Delete files not in use
Sometimes you need to clear out a directory of files but don’t want to delete any files in use by a program or user. This little script is the answer to those problems.
There are two interesting items in this script. The first is that this directory had grown so large that the rm -rf * command was not able to process it, which is the reason I dump the listing to a temporary file. The second item is the $? within the test command. I am testing the return of the last command that was executed. By Unix convention a 0 is returned upon successful completion, any other value implies failure. That line could also have been written:
if fuser /var/spool/filter/$I >/dev/null 2>&1 then code... fi
Regardless, here is the script.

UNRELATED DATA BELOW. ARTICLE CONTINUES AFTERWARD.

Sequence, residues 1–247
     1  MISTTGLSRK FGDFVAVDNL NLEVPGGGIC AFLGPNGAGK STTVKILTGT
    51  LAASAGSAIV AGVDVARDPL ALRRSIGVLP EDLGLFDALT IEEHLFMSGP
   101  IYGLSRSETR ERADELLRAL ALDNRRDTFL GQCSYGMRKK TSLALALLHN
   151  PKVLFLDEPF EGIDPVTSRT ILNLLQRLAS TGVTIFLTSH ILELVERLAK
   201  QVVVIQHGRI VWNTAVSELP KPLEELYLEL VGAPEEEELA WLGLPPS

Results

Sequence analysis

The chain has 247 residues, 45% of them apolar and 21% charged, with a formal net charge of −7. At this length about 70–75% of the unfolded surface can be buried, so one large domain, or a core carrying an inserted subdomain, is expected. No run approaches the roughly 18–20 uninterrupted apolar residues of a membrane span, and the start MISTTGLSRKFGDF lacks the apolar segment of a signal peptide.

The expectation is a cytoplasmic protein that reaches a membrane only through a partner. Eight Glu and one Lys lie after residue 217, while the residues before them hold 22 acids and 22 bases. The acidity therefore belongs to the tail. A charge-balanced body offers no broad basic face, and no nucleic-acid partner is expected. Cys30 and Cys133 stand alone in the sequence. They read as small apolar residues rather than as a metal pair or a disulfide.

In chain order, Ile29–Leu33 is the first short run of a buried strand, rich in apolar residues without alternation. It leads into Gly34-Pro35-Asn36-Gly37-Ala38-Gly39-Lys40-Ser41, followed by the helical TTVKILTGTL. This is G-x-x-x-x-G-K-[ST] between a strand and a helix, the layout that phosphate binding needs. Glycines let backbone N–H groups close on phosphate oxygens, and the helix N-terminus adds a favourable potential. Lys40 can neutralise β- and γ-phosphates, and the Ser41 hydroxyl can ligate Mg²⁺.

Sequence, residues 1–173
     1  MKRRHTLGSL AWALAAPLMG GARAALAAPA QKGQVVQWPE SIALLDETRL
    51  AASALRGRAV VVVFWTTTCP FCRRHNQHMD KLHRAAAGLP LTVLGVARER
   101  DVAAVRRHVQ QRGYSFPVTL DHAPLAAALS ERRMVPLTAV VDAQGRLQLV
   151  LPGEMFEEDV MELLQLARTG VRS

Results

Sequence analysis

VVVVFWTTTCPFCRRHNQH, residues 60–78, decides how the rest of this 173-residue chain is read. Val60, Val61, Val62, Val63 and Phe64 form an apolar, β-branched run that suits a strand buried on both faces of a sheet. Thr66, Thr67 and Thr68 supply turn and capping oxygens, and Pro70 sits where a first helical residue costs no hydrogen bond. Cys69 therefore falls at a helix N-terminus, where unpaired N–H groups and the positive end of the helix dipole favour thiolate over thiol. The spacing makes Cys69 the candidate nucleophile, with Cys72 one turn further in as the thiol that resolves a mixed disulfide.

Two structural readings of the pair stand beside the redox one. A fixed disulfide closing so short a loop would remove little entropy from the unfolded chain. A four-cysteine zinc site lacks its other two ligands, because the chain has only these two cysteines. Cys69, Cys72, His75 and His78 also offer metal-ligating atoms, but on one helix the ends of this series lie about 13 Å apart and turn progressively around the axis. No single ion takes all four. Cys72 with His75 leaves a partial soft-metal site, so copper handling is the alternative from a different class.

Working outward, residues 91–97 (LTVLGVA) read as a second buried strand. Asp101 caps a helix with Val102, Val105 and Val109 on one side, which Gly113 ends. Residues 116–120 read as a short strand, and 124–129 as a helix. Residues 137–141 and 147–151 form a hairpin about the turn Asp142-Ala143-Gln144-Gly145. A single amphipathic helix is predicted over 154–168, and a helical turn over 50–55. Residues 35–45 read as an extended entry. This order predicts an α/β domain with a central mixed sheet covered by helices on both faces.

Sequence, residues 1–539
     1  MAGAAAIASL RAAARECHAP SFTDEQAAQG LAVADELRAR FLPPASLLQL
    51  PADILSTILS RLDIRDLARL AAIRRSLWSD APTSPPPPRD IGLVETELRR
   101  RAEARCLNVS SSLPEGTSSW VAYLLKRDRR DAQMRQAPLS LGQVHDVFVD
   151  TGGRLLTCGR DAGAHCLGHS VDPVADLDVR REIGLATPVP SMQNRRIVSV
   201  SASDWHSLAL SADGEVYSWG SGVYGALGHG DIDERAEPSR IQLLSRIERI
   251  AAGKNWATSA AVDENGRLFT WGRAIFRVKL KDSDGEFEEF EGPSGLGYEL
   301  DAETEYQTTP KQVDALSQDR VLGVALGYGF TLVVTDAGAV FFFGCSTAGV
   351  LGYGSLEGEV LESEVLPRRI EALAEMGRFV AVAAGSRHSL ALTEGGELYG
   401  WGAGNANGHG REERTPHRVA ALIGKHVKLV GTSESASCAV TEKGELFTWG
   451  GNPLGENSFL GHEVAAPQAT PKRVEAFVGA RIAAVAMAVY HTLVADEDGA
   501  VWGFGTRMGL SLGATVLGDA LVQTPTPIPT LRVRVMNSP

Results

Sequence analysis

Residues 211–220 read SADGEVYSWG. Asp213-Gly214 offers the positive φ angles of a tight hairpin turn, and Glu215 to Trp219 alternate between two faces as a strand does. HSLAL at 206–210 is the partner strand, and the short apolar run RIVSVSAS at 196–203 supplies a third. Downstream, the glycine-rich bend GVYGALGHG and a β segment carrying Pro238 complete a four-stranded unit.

#!/bin/bash # 2007-08-28 Jud Bishop # Released under the GPLv2. # This little script checks to makes sure that a file is not in # use before it deletes the file or directory, which is why I # use an -rf, to delete the directory. The reason I have to # write the directory listing to a file is because the directory # gets too large to be handled by the rm command. ls /var/spool/filter >/tmp/purge-filter for I in `cat /tmp/purge-filter` do fuser /var/spool/filter/$I >/dev/null 2>&1 if [ $? -ne 0 ] then #echo "Deleting /var/spool/filter/$I" rm -rf /var/spool/filter/$I fi done